This work, plus "Chanson des Alpes" by Candlyn, complete our travel for the day! :-)
Edith Lang (1885–1969) was a Boston composer who studied with George Chadwick at the New England Conservatory.
The first part of her career was largely that of a silent film and theater organist (including co-authoring a book on the subject of accompanying films).
"Christmas Eve in the Tyrol" was published in 1950 as the second movement of "A Festive Suite".
In this work, the composer paints the "audio picture" of carolers walking through the town and country singing the songs of Christmas.
The work begins with some passages for solo flute, followed by a duet for oboe and clarinet. This leads into the heart of the work which feature the carolers being hard in the distance, approaching, arriving, and then passing away again. It ends with the flute, and some phrases from "Silent night" just before the conclusion.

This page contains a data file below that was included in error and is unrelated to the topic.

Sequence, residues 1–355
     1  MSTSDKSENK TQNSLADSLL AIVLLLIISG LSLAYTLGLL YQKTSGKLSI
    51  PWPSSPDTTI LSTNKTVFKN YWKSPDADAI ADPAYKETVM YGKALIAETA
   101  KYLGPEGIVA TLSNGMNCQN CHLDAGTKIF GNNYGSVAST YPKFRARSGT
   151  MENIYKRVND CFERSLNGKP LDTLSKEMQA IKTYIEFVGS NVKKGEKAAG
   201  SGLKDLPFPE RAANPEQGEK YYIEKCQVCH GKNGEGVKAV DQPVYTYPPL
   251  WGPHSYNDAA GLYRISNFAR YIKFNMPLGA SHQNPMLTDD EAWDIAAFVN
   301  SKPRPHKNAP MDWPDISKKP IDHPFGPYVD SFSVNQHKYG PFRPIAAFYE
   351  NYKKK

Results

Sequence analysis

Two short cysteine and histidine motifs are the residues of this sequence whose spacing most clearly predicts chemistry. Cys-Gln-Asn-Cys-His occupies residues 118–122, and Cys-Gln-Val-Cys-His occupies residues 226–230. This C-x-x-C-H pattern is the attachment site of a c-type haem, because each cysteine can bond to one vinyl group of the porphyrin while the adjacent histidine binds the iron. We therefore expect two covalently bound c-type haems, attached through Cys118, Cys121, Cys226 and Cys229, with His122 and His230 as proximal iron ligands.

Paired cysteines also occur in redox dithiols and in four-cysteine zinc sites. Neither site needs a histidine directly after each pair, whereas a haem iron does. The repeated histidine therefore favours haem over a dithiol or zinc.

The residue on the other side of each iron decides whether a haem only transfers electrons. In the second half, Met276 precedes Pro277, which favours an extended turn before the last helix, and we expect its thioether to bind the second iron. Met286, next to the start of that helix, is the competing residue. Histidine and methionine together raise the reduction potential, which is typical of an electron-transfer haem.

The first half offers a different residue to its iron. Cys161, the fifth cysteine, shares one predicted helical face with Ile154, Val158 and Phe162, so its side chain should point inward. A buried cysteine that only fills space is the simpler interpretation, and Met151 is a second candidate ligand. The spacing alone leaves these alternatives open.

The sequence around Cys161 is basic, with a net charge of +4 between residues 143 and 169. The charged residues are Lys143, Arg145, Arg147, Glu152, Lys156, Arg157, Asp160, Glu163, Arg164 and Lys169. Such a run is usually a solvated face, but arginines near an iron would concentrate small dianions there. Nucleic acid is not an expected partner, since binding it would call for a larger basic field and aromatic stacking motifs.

I couldn't "replicate" the absolute sounds that Lang calls for, but Salisbury handles most things quite well.
It's a "tedious little thing," as there's a LOT to be done to get the effect, and all of this while the procession keeps in step and in time. Hopefully, it sounds easy...
I received this work from our member, Carson Cooman, and so, this performance is dedicated to him.
THANK YOU, Carson!
A photo of Edith Lang at the organ in the Exeter Theater is attached, as is a photo of "the Tyrol."